The adoption of the 2030 Agenda for Sustainable Development and the conclusion of the Paris Agreement in the closing months of 2015 represented a significant moment in the global movement towards sustainability.

There is enormous potential for co-benefits to arise from the mutually supportive implementation processes of the 17 Sustainable Development Goals (SDGs) elaborated in the 2030 Agenda and the Nationally Determined Contributions (NDCs) underpinning the legally binding Paris Agreement.

Countries’ NDCs, their climate plans, include not only commitments to mitigate emissions but also address many other themes relevant to sustainable development. We present key findings of a fine-grained analysis of how climate activities in the NDCs contribute to SDGs and their targets.

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Under the provisions of the Paris Agreement, countries will submit an updated NDC every five years, the intention being that they scale-up their ambitions. The first full review (“global stocktake”) will occur in 2023, but an initial stocktaking exercise will take place in 2018 (“facilitative dialogue”). Implementation of the 2030 Agenda is based on national sustainable development (SD) strategies that vary from country to country. At the global level, Follow-Up and Review mechanisms take place during the annual High Level Political Forum (HLPF) at the United Nations in New York. As a rule, these two implementation processes are kept separate, despite the many existing thematic overlaps and the shared objective of achieving global SD, but our analysis emphasises that the climate activities in the NDCs can support the achievement of a multitude of SDGs and their targets. They not only cover themes relevant to SDG 13 but also many other important fields of sustainable development. NDC climate activities also underline the interlinked character of the SDGs. In fact, numerous NDC climate activities entail synergies that can promote several SDGs at once. To generate co-benefits, NDC and SDG implementation processes should be coordinated 1) to prevent duplication and thereby reduce the costs, and 2) to achieve a more systematic implementation of the 2030 Agenda at country level that utilises already committed activities in NDCs to leverage synergies between both agendas.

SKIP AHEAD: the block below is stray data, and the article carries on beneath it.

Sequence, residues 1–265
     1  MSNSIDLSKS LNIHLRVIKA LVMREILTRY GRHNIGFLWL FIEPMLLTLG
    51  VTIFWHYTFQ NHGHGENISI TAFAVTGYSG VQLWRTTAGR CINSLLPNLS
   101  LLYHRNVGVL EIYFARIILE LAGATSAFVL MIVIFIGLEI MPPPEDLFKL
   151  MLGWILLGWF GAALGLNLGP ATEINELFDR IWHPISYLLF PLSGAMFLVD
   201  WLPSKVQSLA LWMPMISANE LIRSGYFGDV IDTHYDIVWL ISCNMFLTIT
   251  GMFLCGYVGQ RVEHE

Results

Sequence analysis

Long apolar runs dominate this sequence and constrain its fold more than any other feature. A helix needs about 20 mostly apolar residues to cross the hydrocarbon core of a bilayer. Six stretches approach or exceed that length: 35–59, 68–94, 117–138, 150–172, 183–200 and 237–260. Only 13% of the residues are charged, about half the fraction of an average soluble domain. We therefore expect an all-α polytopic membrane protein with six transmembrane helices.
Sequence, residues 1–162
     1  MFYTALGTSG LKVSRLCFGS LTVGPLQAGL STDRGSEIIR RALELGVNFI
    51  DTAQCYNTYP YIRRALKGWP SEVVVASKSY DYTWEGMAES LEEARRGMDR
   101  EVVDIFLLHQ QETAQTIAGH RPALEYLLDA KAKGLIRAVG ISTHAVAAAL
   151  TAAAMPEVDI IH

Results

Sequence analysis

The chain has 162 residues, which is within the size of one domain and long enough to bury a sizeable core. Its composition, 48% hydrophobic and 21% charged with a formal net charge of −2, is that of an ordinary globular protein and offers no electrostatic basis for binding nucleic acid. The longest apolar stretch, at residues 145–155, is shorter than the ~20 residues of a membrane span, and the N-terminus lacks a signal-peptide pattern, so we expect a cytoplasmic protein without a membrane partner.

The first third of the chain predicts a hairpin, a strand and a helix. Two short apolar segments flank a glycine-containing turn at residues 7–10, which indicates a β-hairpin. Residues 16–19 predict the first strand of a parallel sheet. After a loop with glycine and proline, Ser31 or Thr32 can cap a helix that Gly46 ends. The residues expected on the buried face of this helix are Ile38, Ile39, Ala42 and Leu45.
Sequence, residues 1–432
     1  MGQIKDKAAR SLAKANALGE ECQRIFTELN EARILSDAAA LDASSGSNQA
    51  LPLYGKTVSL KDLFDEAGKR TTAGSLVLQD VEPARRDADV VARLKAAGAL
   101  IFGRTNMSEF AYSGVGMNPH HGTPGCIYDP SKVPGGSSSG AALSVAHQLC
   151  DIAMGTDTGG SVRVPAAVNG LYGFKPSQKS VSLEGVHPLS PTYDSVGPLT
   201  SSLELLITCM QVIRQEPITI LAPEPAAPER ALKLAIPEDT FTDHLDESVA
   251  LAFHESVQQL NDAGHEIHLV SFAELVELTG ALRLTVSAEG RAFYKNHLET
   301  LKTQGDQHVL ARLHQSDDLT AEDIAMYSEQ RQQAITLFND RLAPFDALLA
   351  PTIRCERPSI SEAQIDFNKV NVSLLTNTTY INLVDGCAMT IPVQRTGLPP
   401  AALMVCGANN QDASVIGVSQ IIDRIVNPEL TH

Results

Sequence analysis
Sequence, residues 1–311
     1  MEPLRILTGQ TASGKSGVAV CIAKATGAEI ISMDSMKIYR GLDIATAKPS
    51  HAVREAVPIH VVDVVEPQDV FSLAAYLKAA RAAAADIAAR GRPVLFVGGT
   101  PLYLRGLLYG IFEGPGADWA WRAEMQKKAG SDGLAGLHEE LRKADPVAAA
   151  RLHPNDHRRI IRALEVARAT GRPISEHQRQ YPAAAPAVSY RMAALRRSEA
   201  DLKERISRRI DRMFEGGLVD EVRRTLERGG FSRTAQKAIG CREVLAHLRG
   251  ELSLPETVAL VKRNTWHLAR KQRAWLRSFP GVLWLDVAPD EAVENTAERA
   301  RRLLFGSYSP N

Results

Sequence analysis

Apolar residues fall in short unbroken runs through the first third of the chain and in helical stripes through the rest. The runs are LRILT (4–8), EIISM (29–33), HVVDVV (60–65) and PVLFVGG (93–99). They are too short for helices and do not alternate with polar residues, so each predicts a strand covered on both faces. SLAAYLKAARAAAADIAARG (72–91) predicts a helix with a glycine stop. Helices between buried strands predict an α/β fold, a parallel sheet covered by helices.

Moving forward, the opportunity to connect the Paris Agreement and the 2030 Agenda should be considered in order to promote policy coherence by maximising cobenefits and systematically mediating trade-offs for a more efficient implementation:

  • In the context of the Paris Agreement, countries should use future NDC updates to more closely align their climate activities with the SDGs.
  • In the context of the 2030 Agenda, SD strategies should meaningfully complement NDCs.
  • Co-benefits have the potential to increase the motivation for countries to fulfil commitments, but trade-offs should be anticipated early on in order to implement both agendas more effectively.

SDSN Germany’s host institution, the German Development Institute, has worked on a tool with the Stockholm Environment Institute (SEI) that provides visual depictions of every country’s (as well as regional grouping’s) performance on each of the SDGs

The tool was set up using key findings of an analysis of more than 7000 climate activities, contained in 161 NDCs, through the lens of the 17 SDGs. The aim is to show to what extent, where and how these NDC activities can contribute to reaching SDGs (Fig. 1) and their targets (Fig. 2). The findings are based on highly disaggregated NDC analyses that allow users to go beyond the target-level and explore which SDG-relevant climate measures are contained in the NDCs (Fig. 2). Moreover, NDC-SDG Connections is unique in that it allows users to investigate the networked character of the SDGs in the context of the NDCs (Fig. 3).

Find the online tool and all related information here.